At Allconnect, we work to present quality information with editorial integrity. While this post may contain offers from our partners, our opinions are our own. Here’s how we make money.
Want to cut the cord, but still maintain some TV service? Getting rid of your cable doesn’t have to mean scrapping TV altogether. According to eMarketer research and forecasting, the number of households ditching cable has nearly doubled in just the last five years. A projected 44.3 million households will have cut cable by the end of 2020, up from 23.6 million in 2015. But how are all these families still able to watch TV?
Besides the typical streaming subscriptions, one of the other excellent options out there is an outdoor TV antenna. Depending on your area and type of outdoor antenna, you can access over 100 TV channels — all for free. We’ll show you what type of antenna you need and help you find the best outdoor antennas on the market.
Shop internet providers on your terms
Choose your plan and order service on Allconnect, for free.
Compare internet providers with fast speeds and flexible data at the price you need. Choose your plan and order service on Allconnect, for free.Shop internet providers
What is an outdoor TV antenna?
What exactly is a long-range outdoor TV antenna and how does it work? Let’s start with the basics. Broadcast television stations — like ABC, CBS, FOX, NBC, PBS, The CW and others — transmit signals over the air (OTA) that contain their programming. A TV antenna receives that signal and converts it into the sound and picture displayed on your television.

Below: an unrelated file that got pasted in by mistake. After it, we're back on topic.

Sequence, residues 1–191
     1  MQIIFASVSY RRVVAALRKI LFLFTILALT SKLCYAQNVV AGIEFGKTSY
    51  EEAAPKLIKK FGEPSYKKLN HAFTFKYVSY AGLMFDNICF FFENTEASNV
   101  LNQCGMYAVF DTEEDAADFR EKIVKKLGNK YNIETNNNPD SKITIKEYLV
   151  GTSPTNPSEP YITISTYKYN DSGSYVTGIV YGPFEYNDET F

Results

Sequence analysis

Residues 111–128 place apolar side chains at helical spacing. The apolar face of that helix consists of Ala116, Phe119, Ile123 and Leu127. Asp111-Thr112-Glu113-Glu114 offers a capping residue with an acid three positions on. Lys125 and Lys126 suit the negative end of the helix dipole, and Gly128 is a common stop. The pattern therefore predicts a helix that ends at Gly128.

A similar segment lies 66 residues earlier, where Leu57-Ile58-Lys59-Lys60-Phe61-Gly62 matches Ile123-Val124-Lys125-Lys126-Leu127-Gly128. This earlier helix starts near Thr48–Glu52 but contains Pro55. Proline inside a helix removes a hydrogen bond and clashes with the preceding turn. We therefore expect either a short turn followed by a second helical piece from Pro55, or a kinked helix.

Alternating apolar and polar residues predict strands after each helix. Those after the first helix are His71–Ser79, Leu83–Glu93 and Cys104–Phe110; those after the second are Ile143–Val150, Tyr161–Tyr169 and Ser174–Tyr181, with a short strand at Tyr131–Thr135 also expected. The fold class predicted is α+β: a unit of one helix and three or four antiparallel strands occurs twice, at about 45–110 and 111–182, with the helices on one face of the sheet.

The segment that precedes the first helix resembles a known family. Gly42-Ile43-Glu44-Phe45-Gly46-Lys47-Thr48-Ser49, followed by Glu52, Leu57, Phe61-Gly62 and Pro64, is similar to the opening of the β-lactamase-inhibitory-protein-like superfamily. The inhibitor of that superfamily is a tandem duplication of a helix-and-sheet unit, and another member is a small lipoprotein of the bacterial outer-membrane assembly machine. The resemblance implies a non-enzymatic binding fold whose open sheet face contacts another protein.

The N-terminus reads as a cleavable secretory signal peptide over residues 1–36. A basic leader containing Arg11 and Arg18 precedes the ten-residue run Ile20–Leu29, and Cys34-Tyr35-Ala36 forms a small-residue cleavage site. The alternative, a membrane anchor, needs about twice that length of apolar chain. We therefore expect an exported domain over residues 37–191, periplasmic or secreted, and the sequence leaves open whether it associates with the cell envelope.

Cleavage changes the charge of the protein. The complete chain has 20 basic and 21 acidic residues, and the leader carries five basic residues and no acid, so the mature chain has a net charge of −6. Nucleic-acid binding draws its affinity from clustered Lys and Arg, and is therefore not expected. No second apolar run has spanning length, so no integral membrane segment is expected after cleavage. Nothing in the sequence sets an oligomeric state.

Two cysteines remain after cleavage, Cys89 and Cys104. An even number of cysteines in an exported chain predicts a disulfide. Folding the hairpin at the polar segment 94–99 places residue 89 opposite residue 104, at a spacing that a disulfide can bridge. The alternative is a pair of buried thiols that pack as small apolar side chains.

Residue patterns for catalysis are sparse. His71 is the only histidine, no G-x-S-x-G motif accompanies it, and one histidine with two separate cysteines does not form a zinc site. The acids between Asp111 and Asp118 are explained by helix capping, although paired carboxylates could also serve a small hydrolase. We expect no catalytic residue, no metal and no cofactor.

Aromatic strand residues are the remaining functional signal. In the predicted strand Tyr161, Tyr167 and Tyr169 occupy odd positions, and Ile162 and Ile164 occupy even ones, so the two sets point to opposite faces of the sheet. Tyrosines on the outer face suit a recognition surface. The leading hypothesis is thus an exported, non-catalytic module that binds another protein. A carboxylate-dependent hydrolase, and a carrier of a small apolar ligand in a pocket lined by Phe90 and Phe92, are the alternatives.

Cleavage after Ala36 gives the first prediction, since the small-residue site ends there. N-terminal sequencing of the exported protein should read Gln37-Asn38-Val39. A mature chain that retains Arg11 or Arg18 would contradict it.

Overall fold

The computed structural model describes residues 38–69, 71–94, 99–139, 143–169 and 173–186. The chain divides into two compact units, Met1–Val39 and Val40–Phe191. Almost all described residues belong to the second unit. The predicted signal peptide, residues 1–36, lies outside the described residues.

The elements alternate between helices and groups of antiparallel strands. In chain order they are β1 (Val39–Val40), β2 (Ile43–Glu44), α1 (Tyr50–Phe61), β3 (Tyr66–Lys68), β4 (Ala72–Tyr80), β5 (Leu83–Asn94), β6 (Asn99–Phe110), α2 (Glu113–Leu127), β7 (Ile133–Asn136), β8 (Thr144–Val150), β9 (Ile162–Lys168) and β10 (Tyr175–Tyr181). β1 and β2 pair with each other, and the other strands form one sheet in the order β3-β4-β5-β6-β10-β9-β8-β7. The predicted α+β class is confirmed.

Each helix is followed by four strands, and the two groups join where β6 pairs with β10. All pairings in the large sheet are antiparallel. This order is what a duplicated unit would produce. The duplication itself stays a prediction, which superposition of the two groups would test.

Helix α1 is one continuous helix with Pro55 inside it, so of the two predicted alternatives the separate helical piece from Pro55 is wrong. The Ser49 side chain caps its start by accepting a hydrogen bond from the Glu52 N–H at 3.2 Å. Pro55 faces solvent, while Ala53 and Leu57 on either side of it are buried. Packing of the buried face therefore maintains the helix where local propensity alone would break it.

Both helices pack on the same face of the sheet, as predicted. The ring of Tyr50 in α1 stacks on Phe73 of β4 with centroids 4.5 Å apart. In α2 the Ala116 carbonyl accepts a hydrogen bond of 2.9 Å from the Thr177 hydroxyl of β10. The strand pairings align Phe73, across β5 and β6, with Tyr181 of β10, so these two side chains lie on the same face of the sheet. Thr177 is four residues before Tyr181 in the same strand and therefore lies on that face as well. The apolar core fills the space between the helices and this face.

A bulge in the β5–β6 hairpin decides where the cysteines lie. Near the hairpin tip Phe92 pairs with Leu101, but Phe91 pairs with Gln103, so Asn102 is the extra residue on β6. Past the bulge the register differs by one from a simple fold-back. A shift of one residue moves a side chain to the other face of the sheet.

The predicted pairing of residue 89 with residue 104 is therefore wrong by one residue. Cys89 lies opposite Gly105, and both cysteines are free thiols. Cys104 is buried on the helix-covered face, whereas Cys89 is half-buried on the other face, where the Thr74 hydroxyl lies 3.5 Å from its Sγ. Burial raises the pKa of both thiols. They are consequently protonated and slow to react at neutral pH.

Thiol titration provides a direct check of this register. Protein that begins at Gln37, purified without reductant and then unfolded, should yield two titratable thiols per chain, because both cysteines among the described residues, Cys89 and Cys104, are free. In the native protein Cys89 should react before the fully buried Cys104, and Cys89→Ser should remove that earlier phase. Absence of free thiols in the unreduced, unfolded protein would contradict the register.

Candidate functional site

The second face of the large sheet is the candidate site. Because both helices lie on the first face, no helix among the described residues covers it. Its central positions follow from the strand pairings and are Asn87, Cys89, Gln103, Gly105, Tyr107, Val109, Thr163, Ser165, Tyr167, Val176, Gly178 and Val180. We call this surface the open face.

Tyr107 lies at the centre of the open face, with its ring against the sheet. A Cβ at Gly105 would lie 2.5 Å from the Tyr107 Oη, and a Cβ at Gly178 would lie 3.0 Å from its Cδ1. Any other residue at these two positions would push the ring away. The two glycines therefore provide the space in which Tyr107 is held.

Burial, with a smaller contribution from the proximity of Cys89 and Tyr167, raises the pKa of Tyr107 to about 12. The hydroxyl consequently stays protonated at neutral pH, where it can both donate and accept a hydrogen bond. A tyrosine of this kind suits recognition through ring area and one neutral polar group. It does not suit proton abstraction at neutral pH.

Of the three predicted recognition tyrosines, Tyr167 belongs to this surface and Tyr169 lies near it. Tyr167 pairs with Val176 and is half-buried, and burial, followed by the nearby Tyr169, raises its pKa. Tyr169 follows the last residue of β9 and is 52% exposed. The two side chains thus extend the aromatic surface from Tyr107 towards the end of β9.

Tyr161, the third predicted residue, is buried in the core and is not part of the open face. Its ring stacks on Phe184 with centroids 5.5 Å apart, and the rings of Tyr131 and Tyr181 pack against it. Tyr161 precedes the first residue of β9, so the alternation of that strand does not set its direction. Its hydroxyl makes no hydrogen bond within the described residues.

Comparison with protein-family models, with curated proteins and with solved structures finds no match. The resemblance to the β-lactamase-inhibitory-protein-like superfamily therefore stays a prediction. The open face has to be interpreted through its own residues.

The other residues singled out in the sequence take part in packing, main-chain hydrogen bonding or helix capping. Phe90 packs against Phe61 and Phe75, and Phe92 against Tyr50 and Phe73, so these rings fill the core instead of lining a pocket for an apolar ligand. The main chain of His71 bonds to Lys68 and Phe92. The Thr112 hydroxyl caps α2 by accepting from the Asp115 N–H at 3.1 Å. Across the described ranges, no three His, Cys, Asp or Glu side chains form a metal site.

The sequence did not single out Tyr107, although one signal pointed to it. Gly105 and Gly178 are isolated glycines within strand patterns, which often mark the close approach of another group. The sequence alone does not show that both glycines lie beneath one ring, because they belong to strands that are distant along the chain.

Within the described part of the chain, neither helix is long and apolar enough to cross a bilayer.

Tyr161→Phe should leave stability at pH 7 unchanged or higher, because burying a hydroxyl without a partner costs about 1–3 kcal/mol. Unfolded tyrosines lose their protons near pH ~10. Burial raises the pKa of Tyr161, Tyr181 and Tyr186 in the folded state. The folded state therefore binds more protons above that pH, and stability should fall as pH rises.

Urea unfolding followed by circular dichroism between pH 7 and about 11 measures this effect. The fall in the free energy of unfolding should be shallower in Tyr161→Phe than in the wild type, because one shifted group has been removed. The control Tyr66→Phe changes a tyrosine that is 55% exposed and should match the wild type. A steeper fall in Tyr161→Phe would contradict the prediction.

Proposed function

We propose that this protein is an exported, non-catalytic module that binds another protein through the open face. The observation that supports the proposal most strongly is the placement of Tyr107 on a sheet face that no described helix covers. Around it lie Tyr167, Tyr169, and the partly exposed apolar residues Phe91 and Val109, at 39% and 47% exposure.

TV antennas can be either directional or omnidirectional. Directional antennas tend to pick up signals from greater distances, but only if they’re pointing in line with the broadcasting tower.
On the other hand, omnidirectional antennas can pick up signals from various angles, but from shorter distances. Either way, with an OTA TV antenna, you can watch a number of local television stations for free.
We know what you’re thinking, “Free is for me! What else do I need?” There are several different options for outdoor antennas, so you want to make sure you consider the features and price point you need before purchasing an outdoor antenna. Here’s some antenna pros and cons to add to your checklist.
Pros and cons of an outdoor antenna
- No monthly cable bills or subscription fees for satellite service. Plus, no annual contract to sign or increased fees in your future means more money in your pocket and less stress on your budget.
- Expect a high-quality picture. Typically you’ll get an improved picture with your antenna over what you would get with cable or satellite. Those signals are compressed in order to be transmitted via cable into your home. But OTA signals are uncompressed, so you should experience better picture and sound.
- Forget about clunky contraptions on your roof. Today’s powerful outdoor TV antennas can be as small as a satellite dish, making them compliant with pesky HOA guidelines or apartment complex rules.
- Assembly and roof installation can be a burden. Whereas satellite companies have skilled installers on call, you’ll need to find someone to install your outdoor TV antenna … and trust they know what they’re doing.
- Trial and error. The success of the outdoor TV antenna can depend on where you live. Your proximity to the broadcast towers may determine what type of outdoor TV antenna will best suit your needs. Enter your ZIP code on AntennaWeb to get a sense of what’s available near you.